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I have to agree with you. One argument that might be given in favor of using both directions is that the standard menu triangle or > (the one that appears on drop-downs, for example) shows directionality. That argument, however, doesn't hold, as unlike with the majority of icons, arrows are necessarily directional. If you look at icons for buttons that ...


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The best example I can think of is Youtube. Though it's not video, but can work really well in the case of image gallery as well. The bottom bar can be used to show the current position in the gallery and allow users to click on either image or the button at bottom right corner to enlarge the image and enter the full-screen gallery view mode.


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Your case reminds me CNN's app, and here's the suggestion: As soon as the users enters the screen an icon of a camera (with the number of pictures on the gallery) appears. This icon vanishes after a few seconds thus leaving the image clear. If the user taps on the image, the user will be send to the gallery (last image on the right). On the gallery you ...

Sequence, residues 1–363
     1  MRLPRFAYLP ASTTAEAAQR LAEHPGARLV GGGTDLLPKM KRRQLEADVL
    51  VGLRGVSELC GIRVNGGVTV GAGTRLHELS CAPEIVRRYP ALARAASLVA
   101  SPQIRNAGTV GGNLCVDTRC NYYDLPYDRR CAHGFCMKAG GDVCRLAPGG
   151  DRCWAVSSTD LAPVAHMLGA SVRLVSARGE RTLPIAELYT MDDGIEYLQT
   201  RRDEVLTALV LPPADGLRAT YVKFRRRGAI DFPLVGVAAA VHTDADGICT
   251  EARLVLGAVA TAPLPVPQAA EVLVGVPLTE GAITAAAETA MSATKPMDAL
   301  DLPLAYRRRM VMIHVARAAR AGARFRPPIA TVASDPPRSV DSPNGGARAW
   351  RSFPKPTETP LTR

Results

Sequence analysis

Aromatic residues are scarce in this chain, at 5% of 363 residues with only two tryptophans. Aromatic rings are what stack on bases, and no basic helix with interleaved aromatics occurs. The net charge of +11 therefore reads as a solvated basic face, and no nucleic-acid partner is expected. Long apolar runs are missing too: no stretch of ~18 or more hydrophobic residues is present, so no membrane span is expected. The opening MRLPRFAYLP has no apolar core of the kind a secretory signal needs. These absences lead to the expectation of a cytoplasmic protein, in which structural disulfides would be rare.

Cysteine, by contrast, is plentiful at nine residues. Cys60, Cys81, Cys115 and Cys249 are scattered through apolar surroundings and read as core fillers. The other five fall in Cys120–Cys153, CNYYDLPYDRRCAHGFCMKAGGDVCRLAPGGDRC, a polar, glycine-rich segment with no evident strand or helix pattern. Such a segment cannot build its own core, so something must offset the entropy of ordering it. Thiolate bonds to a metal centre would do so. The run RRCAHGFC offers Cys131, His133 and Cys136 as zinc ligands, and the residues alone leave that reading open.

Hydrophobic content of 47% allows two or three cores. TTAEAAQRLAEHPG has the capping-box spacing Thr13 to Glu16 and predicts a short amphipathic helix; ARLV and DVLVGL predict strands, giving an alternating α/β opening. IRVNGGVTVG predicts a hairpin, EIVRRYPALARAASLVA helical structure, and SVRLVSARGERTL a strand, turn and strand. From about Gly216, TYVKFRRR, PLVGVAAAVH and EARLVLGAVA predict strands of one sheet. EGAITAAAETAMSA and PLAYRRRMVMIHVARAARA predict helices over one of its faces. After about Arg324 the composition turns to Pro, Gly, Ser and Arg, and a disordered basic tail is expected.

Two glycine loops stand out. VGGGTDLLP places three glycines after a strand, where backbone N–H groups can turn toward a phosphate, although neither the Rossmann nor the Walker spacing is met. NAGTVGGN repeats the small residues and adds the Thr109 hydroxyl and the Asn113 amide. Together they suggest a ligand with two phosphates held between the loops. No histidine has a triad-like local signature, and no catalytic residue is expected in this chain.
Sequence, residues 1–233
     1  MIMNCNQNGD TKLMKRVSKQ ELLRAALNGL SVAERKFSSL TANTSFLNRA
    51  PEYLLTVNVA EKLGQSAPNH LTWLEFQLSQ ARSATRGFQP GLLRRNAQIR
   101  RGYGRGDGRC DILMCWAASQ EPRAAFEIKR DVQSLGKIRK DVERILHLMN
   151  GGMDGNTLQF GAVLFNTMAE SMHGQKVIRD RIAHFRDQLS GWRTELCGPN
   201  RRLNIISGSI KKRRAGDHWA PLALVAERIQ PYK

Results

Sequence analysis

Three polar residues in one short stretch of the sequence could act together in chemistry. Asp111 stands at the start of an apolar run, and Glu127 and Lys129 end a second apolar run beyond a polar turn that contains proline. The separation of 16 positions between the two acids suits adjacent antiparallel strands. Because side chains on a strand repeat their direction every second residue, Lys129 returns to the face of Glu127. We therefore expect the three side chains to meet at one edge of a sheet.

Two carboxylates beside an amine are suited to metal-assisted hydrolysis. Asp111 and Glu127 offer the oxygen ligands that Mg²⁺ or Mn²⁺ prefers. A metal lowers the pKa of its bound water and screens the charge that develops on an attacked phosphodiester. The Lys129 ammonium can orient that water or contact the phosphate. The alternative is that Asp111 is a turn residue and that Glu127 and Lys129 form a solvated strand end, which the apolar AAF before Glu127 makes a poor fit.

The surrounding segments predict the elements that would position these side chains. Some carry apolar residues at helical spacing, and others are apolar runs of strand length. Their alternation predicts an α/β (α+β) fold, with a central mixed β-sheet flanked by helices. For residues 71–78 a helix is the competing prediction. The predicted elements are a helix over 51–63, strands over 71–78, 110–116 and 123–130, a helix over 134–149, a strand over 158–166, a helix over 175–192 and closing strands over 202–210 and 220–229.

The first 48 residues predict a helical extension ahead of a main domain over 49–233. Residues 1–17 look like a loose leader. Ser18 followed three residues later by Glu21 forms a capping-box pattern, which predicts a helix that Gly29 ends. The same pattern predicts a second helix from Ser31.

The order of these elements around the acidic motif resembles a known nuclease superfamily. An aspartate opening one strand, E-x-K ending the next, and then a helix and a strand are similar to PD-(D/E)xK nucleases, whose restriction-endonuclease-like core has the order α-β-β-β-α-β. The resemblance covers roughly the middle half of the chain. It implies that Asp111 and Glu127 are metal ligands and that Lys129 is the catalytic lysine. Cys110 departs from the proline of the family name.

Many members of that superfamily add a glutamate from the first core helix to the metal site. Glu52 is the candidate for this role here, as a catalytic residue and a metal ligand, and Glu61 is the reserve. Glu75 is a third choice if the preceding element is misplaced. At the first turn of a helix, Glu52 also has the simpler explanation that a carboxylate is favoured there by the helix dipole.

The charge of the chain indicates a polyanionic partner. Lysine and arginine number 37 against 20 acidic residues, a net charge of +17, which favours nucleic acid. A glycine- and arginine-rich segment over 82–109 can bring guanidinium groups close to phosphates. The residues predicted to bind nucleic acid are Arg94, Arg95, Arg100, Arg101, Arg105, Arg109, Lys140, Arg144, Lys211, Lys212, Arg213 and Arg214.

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From my experience, it's almost always best not to use an icon without text if there isn't already a very, very commonly used icon for the desired action. I was once running a comprehension test on potential users for the Waze gps app and almost no one could say what one of their icons was supposed to communicate because they had never seen it before.


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It's best to use an icon that people already know. The Apple Store uses this: The App Store uses this: Note that they both include a text label.


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Is this icon helpful? Description: Arrow: Shows files needs to be downloaded. Plus: Shows files are new. Horizontal Bar with three white circles: Shows an electronic system where new files will be downloaded. Let me know if that works.


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Ok, on a more serious note: I envision a badge or certificate-looking seal with an up arrow to indicate "Upgrade". Something like this:



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